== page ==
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Asparaginyl endopeptidase improves the resistance of microtubule-targeting drugs in gastric cancer through IQGAP1 modulating the EGFR/JNK/ERK signaling pathway

Authors Cui Y, Li Q, Li H, Wang Y, Wang H, Chen W, Zhang S, Cao J, Liu T

Received 24 October 2016

Accepted for publication 27 December 2016

Published 3 February 2017 Volume 2017:10 Pages 627—643


Checked for plagiarism Yes

Review by Single-blind

Peer reviewers approved by Dr Akshita Wason

Peer reviewer comments 2

Editor who approved publication: Dr Chiung-Kuei Huang

Yuehong Cui,1,* Qian Li,1,* Hong Li,1 Yan Wang,1 Hongshan Wang,2 Weidong Chen,2 Shangmin Zhang,3 Jian Cao,3 Tianshu Liu1

1Medical Oncology Department, 2General Surgery Department, Zhongshan Hospital, Fudan University, Shanghai, People’s Republic of China; 3Pathology Department, Yale School of Medicine, New Haven, CT, USA

*These authors contributed equally to this work

Purpose: In recent years, understanding of the role of asparaginyl endopeptidase (AEP) in tumorigenesis has steadily increased. In this study, we investigated whether AEP expression correlates with sensitivity to chemotherapeutic drugs in gastric cancer and explored the mechanism.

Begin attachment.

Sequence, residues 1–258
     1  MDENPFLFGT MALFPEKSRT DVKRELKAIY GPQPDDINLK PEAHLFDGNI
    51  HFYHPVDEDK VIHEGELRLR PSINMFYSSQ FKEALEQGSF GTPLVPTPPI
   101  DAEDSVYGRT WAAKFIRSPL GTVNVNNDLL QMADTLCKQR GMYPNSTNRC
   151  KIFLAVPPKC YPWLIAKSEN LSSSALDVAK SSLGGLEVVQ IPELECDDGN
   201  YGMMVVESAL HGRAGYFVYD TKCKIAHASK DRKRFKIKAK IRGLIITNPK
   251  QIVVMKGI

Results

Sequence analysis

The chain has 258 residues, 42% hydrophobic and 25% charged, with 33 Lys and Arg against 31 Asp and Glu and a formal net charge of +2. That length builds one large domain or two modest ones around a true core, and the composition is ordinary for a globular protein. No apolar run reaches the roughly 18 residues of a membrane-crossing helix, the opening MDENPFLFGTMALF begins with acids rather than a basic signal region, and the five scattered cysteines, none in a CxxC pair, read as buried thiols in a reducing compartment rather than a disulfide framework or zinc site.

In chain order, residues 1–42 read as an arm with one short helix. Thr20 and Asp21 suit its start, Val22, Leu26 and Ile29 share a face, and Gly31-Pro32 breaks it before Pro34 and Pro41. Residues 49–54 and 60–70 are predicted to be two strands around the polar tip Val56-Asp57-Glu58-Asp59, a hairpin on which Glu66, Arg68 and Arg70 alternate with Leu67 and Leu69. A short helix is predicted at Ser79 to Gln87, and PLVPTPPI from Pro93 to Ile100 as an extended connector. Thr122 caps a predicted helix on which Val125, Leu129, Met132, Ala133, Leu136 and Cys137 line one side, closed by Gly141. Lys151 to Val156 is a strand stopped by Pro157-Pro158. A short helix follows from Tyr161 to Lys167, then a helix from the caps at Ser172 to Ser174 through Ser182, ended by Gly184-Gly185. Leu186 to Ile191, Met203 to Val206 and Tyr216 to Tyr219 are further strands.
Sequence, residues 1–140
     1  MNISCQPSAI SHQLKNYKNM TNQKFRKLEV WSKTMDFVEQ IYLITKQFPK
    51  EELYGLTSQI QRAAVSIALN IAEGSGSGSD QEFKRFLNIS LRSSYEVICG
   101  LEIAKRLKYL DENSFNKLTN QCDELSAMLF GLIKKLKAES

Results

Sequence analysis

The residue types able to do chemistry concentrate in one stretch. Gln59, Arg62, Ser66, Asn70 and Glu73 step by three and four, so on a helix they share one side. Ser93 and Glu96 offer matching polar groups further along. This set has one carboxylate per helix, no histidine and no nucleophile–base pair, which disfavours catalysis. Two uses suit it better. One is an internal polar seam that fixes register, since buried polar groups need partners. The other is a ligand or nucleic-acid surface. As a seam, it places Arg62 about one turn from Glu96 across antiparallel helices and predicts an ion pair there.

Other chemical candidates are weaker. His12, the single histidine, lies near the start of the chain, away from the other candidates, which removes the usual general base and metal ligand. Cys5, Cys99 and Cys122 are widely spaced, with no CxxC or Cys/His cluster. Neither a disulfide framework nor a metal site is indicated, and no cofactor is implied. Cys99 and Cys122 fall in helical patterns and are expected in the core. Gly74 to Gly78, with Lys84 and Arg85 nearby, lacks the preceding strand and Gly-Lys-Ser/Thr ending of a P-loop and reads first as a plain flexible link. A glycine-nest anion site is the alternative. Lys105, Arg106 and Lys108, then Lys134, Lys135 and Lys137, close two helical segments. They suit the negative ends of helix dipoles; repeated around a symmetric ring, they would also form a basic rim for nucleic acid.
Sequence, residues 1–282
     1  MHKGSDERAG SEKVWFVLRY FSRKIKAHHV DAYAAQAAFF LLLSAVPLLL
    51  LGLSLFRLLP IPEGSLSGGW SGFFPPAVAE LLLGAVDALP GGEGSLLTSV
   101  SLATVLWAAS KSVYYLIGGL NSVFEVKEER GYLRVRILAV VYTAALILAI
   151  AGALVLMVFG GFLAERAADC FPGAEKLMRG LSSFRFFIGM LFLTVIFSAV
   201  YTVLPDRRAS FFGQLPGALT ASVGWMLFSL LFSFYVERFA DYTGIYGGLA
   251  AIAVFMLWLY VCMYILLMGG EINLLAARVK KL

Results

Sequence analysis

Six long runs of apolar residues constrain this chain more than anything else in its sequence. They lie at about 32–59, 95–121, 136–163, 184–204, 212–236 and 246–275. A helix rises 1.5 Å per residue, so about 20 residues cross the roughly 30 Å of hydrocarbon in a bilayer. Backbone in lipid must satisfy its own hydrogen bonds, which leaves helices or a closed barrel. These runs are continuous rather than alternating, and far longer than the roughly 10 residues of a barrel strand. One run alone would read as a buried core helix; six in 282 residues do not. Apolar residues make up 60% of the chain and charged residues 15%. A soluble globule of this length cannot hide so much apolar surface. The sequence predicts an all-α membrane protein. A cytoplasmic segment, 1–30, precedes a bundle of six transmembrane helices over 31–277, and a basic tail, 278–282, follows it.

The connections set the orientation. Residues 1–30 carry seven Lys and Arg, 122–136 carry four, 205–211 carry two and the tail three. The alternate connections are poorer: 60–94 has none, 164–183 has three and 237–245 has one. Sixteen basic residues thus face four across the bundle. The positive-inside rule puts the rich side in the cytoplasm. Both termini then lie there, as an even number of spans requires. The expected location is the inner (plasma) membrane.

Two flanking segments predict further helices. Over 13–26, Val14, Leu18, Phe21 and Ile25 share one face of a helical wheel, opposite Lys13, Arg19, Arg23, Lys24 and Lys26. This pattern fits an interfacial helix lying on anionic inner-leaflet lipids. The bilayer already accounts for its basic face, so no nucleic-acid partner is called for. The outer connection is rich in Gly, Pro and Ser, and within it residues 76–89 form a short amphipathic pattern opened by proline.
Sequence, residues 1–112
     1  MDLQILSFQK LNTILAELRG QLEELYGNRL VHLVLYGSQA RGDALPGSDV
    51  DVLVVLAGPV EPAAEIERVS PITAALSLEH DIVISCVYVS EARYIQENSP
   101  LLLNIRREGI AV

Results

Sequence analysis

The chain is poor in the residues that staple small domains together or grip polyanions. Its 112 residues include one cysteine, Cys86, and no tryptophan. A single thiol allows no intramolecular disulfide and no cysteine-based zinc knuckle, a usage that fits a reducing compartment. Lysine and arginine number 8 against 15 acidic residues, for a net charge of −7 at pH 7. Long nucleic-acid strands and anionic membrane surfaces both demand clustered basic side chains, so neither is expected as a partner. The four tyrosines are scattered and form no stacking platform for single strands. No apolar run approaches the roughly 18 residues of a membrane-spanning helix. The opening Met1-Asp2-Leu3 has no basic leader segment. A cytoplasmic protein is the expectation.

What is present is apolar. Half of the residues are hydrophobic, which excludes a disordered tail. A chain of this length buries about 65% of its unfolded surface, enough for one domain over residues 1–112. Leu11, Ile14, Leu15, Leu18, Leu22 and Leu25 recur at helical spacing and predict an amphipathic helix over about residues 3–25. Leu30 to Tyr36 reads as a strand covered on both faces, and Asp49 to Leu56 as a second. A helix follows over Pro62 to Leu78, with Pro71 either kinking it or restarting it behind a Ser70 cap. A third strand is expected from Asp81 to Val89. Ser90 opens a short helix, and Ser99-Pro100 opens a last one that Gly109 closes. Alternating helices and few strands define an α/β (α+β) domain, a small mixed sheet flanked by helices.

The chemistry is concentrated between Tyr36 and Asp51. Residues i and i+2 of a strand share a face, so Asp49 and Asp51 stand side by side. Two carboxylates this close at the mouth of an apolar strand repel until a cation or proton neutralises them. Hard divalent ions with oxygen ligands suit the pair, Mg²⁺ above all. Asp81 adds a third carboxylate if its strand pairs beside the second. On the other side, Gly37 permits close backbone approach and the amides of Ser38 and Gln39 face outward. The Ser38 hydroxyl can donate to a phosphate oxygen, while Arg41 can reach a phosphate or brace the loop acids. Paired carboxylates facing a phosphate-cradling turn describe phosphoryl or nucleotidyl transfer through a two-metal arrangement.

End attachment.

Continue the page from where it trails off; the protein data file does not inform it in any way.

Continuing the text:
Patients and methods: AEP expression in the serum of patients’ peripheral blood was measured by enzyme-linked immunosorbent assay. Patient survival time was evaluated using univariate and multivariate analyses. Mass spectrometry and co-immunoprecipitation assays were utilized to discover proteins that interact with AEP. Gastric cancer cell lines were established, in which AEP was overexpressed or knocked out using lentiviral CRISPR. The proliferative abilities of these cell lines in response to chemotherapy agents were evaluated using the Cell Counting Kit-8 method. Gene expression changes in these lines were assessed by real-time polymerase chain reaction and Western blot.
Results: Patients with low expression of AEP were significantly more likely to have a good prognosis and experience complete response or partial response after treatment with docetaxel/S-1 regimen. Mass spectrum analysis showed that several proteins in the focal adhesion and mitogen-activated protein kinase signaling pathways interacted with AEP. IQGAP1 was confirmed to be one of the proteins interacting with AEP, and its protein level increased when AEP was knocked out. AEP knockout decreased resistance to microtubule inhibitors, including paclitaxel, docetaxel, and T-DM1. The expression levels of MDR1, p-EGFR, p-JNK, p-ERK, and p-Rac1/cdc42 were decreased in AEP knockout gastric cancer cell lines, and inhibitors of both JNK and ERK could block AEP-induced expression of MDR1.
Conclusion: AEP was not only a prognostic factor but also a predictive marker. AEP knockout could inhibit the activity of the EGFR/JNK/ERK signaling pathway and improve sensitivity to microtubule inhibitors through interacting with IQGAP1.

Keywords: Asparaginyl endopeptidase, MAP kinase signaling pathway, drug resistance, stomach cancer

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